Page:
Up to 8,300 new student beds will arrive on campus within 15 years as SF State accelerates its transition from being a commuter campus towards a residential campus, SF State officials announced Monday.
More than 70 people witnessed the public unveiling of the first pieces of a plan set to redevelop the campus by 2035. Lacking a written report, most of the plan’s juicy details were instead provided by paid consultants, PowerPoint slides and architectural drawings.
“I think the cost of commuting is going to escalate,” said President Leslie E. Wong in an interview following the Future State presentation. “The availability of housing will make it easier and more affordable for students to attend San Francisco State.”
Monday’s presentation provided a sneak peek for members of the public into how campus officials plan to redevelop the campus as the university goes forward with increasing its full-time student enrollment by 20 percent by 2035 – from 20,000 to 25,000 full-time students.
While many elements of the old 2007 master plan will carry over, including the enrollment increase, the new plan includes a more aggressive housing element, according to the presentation.Between 4,000-8,000 additional student beds are set to double or triple the current stock, resulting in up to 12,400 total student beds. Faculty and staff housing will take a massive leap from 120 units to 680 units. And there’s a curveball – a proposal to include 1,000 units of market-rate housing behind Stonestown Galleria alongside a private developer is in the works.
Jackie Foley, president of Associated Students, said in an interview that although more student housing is needed, certain segments of the student population should not be chosen over others.
“A huge majority of our students are transfer students who commute,” she said. “We cannot forget about that population.”
The parking garage will be demolished under plans proposed via architectural drawings, and replaced with a new campus recreation area.
Given the massive changes proposed for SF State, only a handful of students showed at the 1 p.m. unveiling, while only a few more students stopped by the Cesar Chavez center to look over the pictures displayed.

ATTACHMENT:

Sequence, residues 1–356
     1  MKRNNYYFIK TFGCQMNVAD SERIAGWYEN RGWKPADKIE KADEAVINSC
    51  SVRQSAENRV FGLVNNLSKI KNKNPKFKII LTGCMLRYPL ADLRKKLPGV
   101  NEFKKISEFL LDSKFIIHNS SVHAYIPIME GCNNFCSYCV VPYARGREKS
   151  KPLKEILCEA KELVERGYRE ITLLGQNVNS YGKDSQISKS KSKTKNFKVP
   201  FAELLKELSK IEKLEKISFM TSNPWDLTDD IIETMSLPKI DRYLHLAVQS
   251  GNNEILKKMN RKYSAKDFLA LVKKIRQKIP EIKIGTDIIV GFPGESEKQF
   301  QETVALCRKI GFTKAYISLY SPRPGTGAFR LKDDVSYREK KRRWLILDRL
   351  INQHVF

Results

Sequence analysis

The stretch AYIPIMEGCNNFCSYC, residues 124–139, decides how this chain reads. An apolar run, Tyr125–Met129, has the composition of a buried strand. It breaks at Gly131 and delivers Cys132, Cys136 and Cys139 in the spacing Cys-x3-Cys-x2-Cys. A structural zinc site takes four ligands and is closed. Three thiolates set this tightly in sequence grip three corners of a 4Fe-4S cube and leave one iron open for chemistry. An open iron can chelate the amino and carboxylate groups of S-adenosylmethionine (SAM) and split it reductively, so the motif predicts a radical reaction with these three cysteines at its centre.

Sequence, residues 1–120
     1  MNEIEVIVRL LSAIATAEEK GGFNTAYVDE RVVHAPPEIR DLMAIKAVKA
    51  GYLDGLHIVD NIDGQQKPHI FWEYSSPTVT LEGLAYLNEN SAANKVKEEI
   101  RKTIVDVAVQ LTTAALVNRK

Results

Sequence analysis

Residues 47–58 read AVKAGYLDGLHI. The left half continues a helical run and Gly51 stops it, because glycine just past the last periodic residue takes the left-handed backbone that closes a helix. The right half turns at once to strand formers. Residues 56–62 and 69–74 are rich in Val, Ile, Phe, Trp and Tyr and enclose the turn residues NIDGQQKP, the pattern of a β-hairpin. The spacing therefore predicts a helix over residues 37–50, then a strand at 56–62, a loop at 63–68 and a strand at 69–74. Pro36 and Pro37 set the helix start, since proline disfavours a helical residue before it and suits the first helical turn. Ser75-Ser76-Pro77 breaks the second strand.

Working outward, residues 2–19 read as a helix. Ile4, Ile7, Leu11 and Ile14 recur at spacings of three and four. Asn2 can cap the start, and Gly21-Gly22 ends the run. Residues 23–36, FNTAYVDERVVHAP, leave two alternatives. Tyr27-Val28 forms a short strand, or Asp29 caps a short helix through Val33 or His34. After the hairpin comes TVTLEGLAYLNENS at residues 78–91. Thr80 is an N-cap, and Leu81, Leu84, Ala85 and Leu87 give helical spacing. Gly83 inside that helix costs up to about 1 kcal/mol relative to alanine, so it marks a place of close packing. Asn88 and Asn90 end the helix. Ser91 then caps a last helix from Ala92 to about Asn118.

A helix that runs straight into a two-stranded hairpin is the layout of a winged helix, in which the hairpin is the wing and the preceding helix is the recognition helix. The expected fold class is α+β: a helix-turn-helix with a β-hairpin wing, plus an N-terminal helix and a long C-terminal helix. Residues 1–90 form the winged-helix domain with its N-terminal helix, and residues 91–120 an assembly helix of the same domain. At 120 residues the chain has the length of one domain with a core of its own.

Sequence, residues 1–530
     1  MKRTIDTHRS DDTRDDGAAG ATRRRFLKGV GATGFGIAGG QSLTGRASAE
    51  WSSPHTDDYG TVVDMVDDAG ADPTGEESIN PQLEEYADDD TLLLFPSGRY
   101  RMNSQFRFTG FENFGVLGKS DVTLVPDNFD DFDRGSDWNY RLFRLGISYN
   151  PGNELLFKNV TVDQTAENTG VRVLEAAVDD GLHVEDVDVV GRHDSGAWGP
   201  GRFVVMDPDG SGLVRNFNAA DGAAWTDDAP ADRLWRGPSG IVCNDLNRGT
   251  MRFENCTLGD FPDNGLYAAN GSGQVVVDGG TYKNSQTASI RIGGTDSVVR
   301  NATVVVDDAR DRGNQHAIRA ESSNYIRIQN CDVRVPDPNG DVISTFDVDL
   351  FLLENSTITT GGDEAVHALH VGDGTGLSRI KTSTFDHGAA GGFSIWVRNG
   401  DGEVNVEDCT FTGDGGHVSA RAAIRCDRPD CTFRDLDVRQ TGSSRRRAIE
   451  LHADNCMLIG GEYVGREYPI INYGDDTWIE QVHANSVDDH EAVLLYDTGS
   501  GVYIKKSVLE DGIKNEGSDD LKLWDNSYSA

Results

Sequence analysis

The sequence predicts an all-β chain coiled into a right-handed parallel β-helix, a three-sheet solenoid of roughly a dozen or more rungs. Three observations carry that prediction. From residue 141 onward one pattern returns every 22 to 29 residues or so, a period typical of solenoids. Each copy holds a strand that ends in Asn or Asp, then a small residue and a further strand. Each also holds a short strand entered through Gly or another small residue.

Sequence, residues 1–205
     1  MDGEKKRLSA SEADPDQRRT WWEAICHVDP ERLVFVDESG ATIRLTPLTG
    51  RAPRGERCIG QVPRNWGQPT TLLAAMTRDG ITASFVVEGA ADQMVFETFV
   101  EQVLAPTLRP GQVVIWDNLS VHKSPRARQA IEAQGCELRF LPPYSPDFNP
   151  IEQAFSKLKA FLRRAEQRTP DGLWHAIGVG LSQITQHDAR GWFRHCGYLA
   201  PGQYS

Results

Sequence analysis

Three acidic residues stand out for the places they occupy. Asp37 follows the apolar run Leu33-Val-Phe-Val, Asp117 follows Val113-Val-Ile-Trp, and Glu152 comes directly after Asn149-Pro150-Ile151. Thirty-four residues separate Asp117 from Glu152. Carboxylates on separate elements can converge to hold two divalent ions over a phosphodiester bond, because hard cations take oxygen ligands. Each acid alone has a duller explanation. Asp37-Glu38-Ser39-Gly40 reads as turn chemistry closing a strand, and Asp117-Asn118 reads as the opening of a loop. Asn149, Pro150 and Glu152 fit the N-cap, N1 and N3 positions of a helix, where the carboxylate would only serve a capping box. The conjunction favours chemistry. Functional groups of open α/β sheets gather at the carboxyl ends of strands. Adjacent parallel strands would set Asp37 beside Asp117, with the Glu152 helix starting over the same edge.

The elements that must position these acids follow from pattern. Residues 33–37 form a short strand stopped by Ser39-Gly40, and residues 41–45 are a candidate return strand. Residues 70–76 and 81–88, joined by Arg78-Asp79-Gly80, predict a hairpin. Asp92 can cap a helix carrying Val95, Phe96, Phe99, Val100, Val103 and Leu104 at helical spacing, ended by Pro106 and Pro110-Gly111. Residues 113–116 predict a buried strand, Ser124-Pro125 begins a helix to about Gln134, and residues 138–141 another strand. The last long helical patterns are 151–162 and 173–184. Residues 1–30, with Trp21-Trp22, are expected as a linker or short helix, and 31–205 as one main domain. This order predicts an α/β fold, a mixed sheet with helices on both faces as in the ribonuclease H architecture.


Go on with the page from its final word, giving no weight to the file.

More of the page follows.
Biochemistry major Katie Vaccaro said SF State needs more school spirit and believes additional student housing may do the trick.
“Student housing is where I met most of my friends,” Vaccaro said. “It’s hard to meet people in classes, you’re not really talking to each other unless you join an organization or something.”Monday’s public presentation comes months after two Future State events sought out opinions of the campus community following last semester, with the first one in May and another in late July. Opinions from both meetings culminated in the plan released on Monday. The top request for the process, according to SF State, was the campus community wanting more affordable student housing and employee housing.
But Foley, who spoke at the meeting, said the university’s outreach about Monday’s unveiling could have been better.
“I wish the meeting was marketed more,” Foley said. “I was told about it pretty last minute.”
Now that feelers have been put out for the new plan, Fall semester will see the beginning of the new master plan’s environmental review. Drawings and reports will be finalized as SF State prepares to publish the first draft of the master plan during Spring 2018.
“I’m hoping you’ll be patient when the density of traffic goes up, a little bit, as we start crafting the future of San Francisco State,” President Wong said during the presentation.